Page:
Four Israeli soldiers were killed by a blast in a booby-trapped building in southern Gaza’s Rafah yesterday, the military announces. – Times of Israel

Israel on Monday dressed down the ambassador of Slovenia over her country’s recognition of a Palestinian state, telling her the move was a reward for Hamas terrorism. – Times of Israel

Israel’s proposed hostage and ceasefire deal with Hamas includes a commitment to end the war in Gaza even before all hostages are released, according to a news report on Monday, which showed what it said was the full document and quoted portions of it. – TImes of Israel

Israel Aerospace Industries unveiled a new air-launched variant of its Lora ballistic missile on June 6, a design the company claims will enhance Israel’s ability to provide long-range strike at rapid speed. – Breaking Defense

Carrie Keller-Lynn, Abeer Ayyoub, and Michael Amon write: Filled with the three pinned-down hostages, commandos and paratroopers, Israeli armored vehicles raced for the Mediterranean coastline, where the military controls a seaside road. Former hostage Argamani was already in flight. The military released a video of the freed men stepping out onto the sunbaked beach and walking toward helicopters waiting to take them to Israel. – Wall Street Journal

Jim Geraghty writes: Based on history, the only way any additional Israeli hostages are getting freed is by rescue operations like the one the Israel Defense Forces launched on Saturday. It would be nice if Hamas could be cajoled, pressured or bribed into releasing the remaining hostages. But there’s little sign that will work – Washington Post

Peter Coy writes: The immediate outlook is “bumpy,” but “long term, our fundamentals are good,” Bennett told me during a visit to New York. “We’ll pull out of it.” These are dark days for Israel, so it’s nice that there are some can-do optimists around. But what the country also needs are skeptical realists. In a time of war, hope is not a plan. – New York Times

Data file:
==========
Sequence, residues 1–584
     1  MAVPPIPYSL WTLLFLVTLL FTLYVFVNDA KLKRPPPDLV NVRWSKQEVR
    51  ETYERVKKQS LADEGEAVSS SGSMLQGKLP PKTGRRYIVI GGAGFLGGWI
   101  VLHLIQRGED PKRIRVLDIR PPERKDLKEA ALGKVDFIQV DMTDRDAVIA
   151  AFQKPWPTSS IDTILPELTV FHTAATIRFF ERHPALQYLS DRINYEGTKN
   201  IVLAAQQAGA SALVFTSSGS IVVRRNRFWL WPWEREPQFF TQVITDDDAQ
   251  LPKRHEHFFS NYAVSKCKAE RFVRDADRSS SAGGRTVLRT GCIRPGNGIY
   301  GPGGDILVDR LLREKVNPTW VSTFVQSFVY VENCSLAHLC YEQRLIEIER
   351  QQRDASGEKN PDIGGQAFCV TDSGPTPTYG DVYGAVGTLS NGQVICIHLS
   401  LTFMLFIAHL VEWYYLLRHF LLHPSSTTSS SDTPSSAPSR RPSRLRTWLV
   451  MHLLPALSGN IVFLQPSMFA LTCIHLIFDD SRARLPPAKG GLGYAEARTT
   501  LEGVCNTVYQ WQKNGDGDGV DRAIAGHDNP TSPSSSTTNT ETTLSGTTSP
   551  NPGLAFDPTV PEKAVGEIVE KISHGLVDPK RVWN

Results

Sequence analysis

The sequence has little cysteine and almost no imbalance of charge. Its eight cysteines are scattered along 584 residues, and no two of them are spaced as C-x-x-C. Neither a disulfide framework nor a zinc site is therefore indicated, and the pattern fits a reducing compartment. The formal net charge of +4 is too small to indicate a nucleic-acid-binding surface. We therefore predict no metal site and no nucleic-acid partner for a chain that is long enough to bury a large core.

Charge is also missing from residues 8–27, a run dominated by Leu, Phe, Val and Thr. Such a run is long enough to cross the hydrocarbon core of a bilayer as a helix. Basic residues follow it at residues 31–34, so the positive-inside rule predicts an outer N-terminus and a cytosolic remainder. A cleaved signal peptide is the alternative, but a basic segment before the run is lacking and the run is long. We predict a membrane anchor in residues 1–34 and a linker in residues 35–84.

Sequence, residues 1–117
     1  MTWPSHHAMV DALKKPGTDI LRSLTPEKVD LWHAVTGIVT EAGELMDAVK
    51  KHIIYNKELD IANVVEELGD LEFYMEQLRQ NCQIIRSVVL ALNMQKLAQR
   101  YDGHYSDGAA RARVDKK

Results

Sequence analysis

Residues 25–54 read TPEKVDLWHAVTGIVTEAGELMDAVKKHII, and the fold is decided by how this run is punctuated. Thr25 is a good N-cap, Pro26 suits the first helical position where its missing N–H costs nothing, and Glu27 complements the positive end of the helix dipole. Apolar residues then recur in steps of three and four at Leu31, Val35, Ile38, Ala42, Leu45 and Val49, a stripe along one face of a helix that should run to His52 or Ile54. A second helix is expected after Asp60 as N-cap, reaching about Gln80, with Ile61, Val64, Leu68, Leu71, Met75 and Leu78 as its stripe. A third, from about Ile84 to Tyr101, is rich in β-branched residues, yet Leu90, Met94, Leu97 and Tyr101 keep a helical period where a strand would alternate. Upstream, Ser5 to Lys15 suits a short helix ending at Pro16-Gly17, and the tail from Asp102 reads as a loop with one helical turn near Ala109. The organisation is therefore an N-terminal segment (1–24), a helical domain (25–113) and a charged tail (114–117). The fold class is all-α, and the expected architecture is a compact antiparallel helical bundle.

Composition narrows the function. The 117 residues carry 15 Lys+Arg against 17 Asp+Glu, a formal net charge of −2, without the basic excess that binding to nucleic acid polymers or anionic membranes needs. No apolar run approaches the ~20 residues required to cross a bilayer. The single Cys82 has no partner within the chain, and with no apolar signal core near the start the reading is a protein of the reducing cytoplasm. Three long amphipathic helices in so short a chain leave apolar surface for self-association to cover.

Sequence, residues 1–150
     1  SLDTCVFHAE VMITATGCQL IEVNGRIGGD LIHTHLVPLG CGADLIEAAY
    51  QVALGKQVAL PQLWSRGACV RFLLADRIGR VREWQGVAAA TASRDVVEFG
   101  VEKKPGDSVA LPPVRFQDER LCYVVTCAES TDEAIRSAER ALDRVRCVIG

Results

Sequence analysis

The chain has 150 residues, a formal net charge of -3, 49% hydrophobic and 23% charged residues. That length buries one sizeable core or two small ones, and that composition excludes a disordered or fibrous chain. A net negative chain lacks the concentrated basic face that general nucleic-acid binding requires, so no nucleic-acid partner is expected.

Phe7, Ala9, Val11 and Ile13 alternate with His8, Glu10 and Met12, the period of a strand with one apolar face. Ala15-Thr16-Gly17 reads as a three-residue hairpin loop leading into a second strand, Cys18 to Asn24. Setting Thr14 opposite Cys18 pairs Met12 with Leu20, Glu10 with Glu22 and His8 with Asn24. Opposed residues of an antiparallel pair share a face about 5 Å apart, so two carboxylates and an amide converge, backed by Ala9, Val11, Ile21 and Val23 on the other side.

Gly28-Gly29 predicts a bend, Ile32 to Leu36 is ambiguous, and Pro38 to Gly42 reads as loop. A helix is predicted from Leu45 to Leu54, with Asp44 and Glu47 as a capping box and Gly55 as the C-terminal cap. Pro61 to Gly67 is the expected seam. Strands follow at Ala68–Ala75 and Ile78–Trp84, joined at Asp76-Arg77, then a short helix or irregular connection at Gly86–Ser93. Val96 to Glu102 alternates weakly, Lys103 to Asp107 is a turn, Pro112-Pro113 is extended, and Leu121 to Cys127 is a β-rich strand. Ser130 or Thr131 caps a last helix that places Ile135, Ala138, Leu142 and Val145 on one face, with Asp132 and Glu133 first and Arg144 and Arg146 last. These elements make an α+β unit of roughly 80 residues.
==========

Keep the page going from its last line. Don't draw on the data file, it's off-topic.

Russell A. Berman writes: Moderates committed to compelling goals, like peace in the Middle East, cannot succeed as long as they are allied with radicals committed to war. This political lesson holds as much in the tunnels of Gaza as it does on the campuses of American universities. – The Hill 

David Ben-Basat writes: By joining the case of accusing Israel of “genocide,” Spain joins the worst of our enemies, those who on October 7 murdered men, children, and babies in the most barbaric way, raped and burned women and children in front of their family members, and still sexually and mentally abuse over 100 hostages and captives. – Jerusalem Post

Neville Teller writes: Doubtless, Hamas leaders have their own “day after” aspirations. They may reconcile themselves to losing the governance of Gaza but probably envisage basing themselves elsewhere and continuing the fight from there. Certainly, they have no intention of abandoning their core objective of overthrowing Israel and eliminating the Jewish presence from the Middle East. – Jerusalem Post

Gerald M. Steinberg writes: A clear Israeli policy move would also gain support from UN-skeptics in the US and some other countries and could lead to budget cuts and other actions to curtail the organization and its influence. Although prohibiting the entry of all UN personnel until the policy changes fundamentally is a limited action, it sends an important message highlighting the absence of legitimacy. Given the stakes in this hot war being waged by the UN against Israel, the failure to take strong action could be very costly. – Jerusalem Post